Hazelton: Monitoring students’ social media accounts is expensive and relatively useless

Paul Hazelton

School districts in Orange County Florida are renewing the allocation of money and man hours to monitor their students’ social media accounts.

The practice, which started last year, reportedly allows schools to read public posts and is meant to keep an eye out for troubled youth. Specifically, they’re looking for kids who may be contemplating suicide, violent action against their peers, criminal activity and/or cyber-bullying. This occurs in other parts of the country such as Huntsville, Tennessee where they paid to have an former FBI agent to comb their kids data.  

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In Orlando, this program is geo-fenced so students’ social media is only monitored while on school grounds. However, the follow-ups are often performed off school property — and they encompass the entire account histories. If the school picks up something overly concerning, the police can and often are called.

Now, that sounds like a nice idea, right? No one wants a school shooting, no one wants a suicide or cyber bullying or students to be involved in crime. But in my opinion, spending $18,000 a year on an academic big-brother program is a waste.

Initially a school might be able to find out when kids are attacking kids online, and they might even be able to stop them the first few times. But, as we all know, kids are masters of the internet. It doesn’t take a whole lot of intelligence to figure out that they’re being spied on, and it takes even less ingenuity to figure out that they can create bogus Facebook or whatever page. With that alter ego, those bullies can easily continue to troll the student in question. And while their school may realize that the child is still being attacked, they have lost all enforcement power. Clearly, that’s a false use case.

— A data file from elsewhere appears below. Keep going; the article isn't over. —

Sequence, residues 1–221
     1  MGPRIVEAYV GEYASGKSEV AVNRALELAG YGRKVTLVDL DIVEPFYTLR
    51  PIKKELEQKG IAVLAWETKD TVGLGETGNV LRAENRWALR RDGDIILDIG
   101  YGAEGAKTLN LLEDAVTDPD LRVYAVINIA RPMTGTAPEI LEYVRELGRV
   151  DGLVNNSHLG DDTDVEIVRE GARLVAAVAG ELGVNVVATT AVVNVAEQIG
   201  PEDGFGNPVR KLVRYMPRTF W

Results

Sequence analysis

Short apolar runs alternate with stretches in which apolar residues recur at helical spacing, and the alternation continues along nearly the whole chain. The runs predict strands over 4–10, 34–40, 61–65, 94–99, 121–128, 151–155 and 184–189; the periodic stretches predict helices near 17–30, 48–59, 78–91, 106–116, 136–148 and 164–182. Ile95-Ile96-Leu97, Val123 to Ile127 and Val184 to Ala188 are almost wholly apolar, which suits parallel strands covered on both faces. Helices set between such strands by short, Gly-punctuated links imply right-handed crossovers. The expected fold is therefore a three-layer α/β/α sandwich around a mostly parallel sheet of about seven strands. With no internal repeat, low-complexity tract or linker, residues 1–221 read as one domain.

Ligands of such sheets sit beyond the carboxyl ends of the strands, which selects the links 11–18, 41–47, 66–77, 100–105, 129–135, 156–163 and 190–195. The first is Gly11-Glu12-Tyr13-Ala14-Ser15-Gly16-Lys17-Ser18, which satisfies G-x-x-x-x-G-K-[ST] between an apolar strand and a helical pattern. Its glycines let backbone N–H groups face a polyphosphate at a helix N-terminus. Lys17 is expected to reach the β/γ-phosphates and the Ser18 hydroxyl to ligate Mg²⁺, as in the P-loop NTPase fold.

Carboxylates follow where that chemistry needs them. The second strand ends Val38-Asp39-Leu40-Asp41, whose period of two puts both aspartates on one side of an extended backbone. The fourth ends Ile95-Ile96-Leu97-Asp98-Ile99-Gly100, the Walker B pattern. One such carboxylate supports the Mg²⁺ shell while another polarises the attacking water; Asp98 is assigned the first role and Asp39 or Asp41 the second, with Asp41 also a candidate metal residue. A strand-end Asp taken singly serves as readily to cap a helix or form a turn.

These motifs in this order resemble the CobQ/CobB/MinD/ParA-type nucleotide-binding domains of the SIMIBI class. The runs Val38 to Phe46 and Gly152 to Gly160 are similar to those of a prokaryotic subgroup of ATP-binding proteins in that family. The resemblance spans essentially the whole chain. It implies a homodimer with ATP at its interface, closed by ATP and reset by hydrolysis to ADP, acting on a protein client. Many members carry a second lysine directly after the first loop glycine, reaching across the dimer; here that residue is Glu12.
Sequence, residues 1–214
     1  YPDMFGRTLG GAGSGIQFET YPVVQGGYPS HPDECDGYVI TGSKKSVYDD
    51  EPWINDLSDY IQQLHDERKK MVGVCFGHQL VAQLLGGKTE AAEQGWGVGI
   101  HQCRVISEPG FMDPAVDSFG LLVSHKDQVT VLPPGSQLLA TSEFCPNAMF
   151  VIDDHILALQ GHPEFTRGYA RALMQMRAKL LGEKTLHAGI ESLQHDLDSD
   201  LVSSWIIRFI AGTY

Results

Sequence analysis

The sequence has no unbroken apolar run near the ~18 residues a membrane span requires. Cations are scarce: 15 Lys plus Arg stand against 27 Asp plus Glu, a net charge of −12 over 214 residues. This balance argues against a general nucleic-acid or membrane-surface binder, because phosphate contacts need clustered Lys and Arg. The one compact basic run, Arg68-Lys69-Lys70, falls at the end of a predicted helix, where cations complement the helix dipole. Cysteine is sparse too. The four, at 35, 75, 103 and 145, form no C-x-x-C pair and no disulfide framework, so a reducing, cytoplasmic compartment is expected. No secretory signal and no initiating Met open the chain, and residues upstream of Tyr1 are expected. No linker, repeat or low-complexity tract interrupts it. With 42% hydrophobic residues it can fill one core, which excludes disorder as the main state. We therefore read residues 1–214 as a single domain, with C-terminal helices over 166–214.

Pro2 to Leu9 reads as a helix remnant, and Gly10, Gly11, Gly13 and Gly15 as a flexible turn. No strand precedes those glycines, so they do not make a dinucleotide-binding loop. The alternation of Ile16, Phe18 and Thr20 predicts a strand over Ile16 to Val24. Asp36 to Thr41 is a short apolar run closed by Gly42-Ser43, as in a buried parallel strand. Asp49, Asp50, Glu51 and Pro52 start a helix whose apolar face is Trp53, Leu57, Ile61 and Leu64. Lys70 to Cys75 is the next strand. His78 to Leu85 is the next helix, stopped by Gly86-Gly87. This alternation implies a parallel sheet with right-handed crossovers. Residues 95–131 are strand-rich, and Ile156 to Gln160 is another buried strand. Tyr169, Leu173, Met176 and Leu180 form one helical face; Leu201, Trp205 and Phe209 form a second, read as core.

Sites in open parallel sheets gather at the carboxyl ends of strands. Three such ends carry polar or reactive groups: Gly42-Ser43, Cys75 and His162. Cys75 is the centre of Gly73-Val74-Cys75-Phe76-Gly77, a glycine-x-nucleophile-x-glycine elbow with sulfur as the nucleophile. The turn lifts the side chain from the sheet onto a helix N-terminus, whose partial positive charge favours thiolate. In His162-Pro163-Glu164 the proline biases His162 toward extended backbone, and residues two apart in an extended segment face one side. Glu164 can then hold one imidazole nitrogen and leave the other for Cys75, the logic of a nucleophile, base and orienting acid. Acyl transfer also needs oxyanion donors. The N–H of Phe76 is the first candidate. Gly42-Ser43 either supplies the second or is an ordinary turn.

While its true that schools might be able to curb self-harm and some outward violence within the population, you’ve gotta ask yourself: How many people post those plans on social media? For those who do, more often than not, this cry for help is apparent without digital spying. In fact, all spying accomplishes is the self censorship of students, which in tern robs schools of the info that they and parents want to find out.  

The same goes for attempting to catch kids acting illegally. You might catch a couple but after a while, expecting  kids to incriminate themselves on any charges higher than smoking weed is ludicrous. 

See the problem here isn’t the idea behind this policy or that schools are infringing upon privacy, after all students have the choice in making their posts public. It’s commendable to attempt to understand your students and help them through a rough period in their lives, but scholastic big brother isn’t the answer.

First of all, that $18,000 would almost assuredly be better spent on, say, a possibly failing education system that is already short-funded. It might also be enough money to hire part time counselors or to pay teachers a bit more than the embarrassingly small sums they’re currently accustomed to.

And besides, these kids don’t need to be surveyed and have the cops called on them for every minor offense. What they need is for someone to pay attention to them, genuinely care about their well-being and talk to them. This is, as I understand it, half of any decent teachers’ job description and certainly that of parents. Snooping on their social media accounts may tell you that these kids are in dire circumstances, but it will never tell you why and it will never solve the root problems behind those symptoms.        

Collegian Columnist Paul Hazelton can be reached at letters@collegian.com or on Twitter @HazeltonPaul.